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How to Combat Spooky Sailing and Boating Superstitions This Halloween

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Are you thinking of spending time on the water this Halloween?

Superstitions and spooky stories can send chills down even a non-believer's spine. There are many stories from the sea, from the Loch Ness Monster to the Kraken, Cetus and Poseidon. But are these tales superstitions or sincere?

Luckily we've got Deckee to help and safely traverse you through the mystery-filled waters for this spirit-filled day.

Cats Are a Captain's Companion

Halloween, black cats and witches go hand in hand. Our furry friends are said to be great omens on a boat. The ship's cat has historically provided protection from pesky vermin that would happily gnaw through the ship's ropes and spread deadly diseases such as the plague, murine typhus, salmonellosis, trichinosis, leptospirosis, and rat-bite fever (not to mention they'll eat the crew's provisions). Ship cats are also known to have provided a cuddle or two to homesick sailors.

Women Bring Bad Luck

Whilst many theories suggest women aboard a boat are bad luck due to the potential for distractions, which would anger the sea gods and cause lousy weather, another theory suggests that an all male-crew would suffer from jealousy and cause hostility and the inevitable fights between them. Thankfully times have changed, and female captains can navigate their way effortlessly around the waters and the Deckee app.

Christenings

For centuries, sailors have believed that renaming your boat would enrage Poseidon, the God of the Sea. According to legend, he recorded the name of every vessel launched in the Ledger of the Deep, so to rename it, you'll need to purge the name from the ledger and Poseidon's memory, appease the four wind gods, have your own de-naming and then the re-christening ceremony, toast the boat, and finally sail away without any negative hoodoo. Phew!

No Bananas

Quite often, you'll see signs on the docks clearly stating no bananas. There are several reasons behind this; the first dates back to the 1700s in the Caribbean. Bananas spoil very quickly, so banana-laden boats would have to move at speed, leaving sailors no time for fishing. Bananas also give off ethylene gas, which can cause other fruits to ripen and spoil more quickly than they would otherwise. The Halloween-related part of the myth is that tarantulas would hide amongst the bananas and eventually get into the captain's cabin.

No Whistling or Clapping

Sailors commonly believed that whistling would challenge the wind to increase and encourage a storm. If stuck on windless water, some brave souls would whistle in the hope that a breeze would pick up to propel them forward. Some seafarers also believed that throwing stones into the ocean would cause ocean swells, and clapping would result in terrifying thunder. Sailors would often nail a horseshoe to the ship's mast to protect them against perilous conditions. This Halloween, you can just check the weather conditions on your trusty Deckee app.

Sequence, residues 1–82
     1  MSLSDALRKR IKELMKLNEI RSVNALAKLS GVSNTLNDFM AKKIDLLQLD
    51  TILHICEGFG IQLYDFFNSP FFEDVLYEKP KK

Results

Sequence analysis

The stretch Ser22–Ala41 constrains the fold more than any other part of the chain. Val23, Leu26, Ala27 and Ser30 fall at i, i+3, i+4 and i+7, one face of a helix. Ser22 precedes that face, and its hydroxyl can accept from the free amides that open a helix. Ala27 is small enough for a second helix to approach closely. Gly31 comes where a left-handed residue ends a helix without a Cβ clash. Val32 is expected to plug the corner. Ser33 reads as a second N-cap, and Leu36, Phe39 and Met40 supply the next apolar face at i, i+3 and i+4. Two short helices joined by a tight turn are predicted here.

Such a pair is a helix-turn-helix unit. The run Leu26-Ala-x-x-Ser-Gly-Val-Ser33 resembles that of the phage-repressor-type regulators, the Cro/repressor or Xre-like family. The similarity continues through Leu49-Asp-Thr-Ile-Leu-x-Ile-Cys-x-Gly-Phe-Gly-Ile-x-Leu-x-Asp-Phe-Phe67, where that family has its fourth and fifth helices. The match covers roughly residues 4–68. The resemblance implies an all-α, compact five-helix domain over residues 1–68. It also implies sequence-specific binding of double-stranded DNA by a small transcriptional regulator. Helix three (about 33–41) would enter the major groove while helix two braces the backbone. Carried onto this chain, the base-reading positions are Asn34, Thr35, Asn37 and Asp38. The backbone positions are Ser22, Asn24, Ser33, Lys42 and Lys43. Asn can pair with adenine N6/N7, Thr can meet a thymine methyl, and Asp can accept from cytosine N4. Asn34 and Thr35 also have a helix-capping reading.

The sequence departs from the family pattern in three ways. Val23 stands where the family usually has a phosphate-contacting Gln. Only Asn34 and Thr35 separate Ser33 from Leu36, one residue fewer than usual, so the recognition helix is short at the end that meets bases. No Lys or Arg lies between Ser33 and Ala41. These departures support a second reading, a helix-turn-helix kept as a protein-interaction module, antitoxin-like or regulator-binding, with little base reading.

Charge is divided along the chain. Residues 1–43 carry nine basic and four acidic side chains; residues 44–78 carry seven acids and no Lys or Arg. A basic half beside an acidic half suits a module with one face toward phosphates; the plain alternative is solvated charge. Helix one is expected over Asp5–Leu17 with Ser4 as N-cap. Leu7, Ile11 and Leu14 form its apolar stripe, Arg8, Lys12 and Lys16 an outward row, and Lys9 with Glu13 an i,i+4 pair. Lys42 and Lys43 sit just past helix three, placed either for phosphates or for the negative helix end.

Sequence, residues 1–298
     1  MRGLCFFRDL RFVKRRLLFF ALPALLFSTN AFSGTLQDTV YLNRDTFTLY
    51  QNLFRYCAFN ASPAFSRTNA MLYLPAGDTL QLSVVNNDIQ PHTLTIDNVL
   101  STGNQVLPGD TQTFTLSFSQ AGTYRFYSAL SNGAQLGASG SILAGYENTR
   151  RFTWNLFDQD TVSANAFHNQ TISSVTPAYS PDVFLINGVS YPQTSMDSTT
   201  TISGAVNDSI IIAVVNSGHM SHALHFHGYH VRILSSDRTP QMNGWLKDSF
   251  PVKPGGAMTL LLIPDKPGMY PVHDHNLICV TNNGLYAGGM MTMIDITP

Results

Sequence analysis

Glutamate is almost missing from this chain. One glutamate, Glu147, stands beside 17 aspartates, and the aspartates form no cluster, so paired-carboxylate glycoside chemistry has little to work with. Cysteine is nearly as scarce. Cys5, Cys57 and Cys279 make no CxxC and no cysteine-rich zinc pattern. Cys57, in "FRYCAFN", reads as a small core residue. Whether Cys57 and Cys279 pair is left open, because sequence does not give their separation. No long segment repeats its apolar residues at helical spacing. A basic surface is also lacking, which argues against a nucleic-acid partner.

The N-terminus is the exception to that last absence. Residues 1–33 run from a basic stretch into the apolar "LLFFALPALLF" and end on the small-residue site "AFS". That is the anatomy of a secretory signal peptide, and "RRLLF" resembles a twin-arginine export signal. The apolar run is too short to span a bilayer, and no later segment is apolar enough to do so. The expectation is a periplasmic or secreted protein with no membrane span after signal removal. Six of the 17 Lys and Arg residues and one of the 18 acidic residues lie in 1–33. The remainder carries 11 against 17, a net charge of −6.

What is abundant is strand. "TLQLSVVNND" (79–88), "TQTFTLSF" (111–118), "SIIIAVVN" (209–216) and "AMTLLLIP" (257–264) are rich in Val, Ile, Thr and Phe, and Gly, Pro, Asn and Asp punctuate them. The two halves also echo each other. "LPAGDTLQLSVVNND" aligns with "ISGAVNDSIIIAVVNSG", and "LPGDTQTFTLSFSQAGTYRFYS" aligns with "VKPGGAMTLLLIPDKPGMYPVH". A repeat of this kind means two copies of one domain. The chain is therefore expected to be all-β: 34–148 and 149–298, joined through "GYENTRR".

Avoiding Redheads

Redheads have traditionally not been welcome aboard ships and intentionally avoided by sailors before embarking on a voyage. If, by mischance, a sailor met a redhead before boarding his ship, he would have to speak to them first to mitigate any bad luck.

Watch What You Say

Ye olde sailors were notorious for foul language, but even these cursing seafarers would avoid certain words believed to bring bad luck. Uttering the word 'drown' would allegedly summon the event. 'Good luck' and 'goodbye' were also forbidden; it was unlucky for sailors' wives to call after them once they had left for a sea journey. It was also deemed unlucky to mention anything that referred to life on land, such as pigs, foxes, rabbits and the like.

Left Foot Last

Always step on board with your right foot, because apparently setting foot onboard a boat with your left foot is thought to be a bad omen for the journey. In fact, the word sinister is derived from the Latin saying 'ad sinistram', which means 'to the left.'

Unlucky Days

Superstition runs rife with stories of bad luck days to set sail. It's thought that Friday is not a good day to start a voyage because it's the day Jesus was crucified. Thursday is thought to be unlucky, too, because it is the day of Thor, the God of Thunder and Storms. The first Monday in April is the day that Cain killed Abel. Sodom and Gomorrah were destroyed on the second Monday in August, and Judas Iscariot committed suicide on 31 December. Check your Deckee app to make sure it's safe to set sail; it will give you accurate information if there are thunder and storms ahead. If that's not enough, then knock on wood for good measure.

Scruffy Sailors

Sailors would often have the ragged appearance of sea-worn pirates. It's thought that practicing grooming would offend Neptune. He considered nail clippings and beard trimmings to be an offering to Proserpine, the Goddess of the Underworld and an insult to the Gods.

Whatever your Halloween concerns or worries, download the free Deckee app to keep the cats close and the gruesome monsters and mythical Gods at bay.

NEXT: WHAT SPECIES CAN YOU CATCH FISHING IN THE CARIBBEAN?

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How to Combat Spooky Sailing and Boating Superstitions This Halloween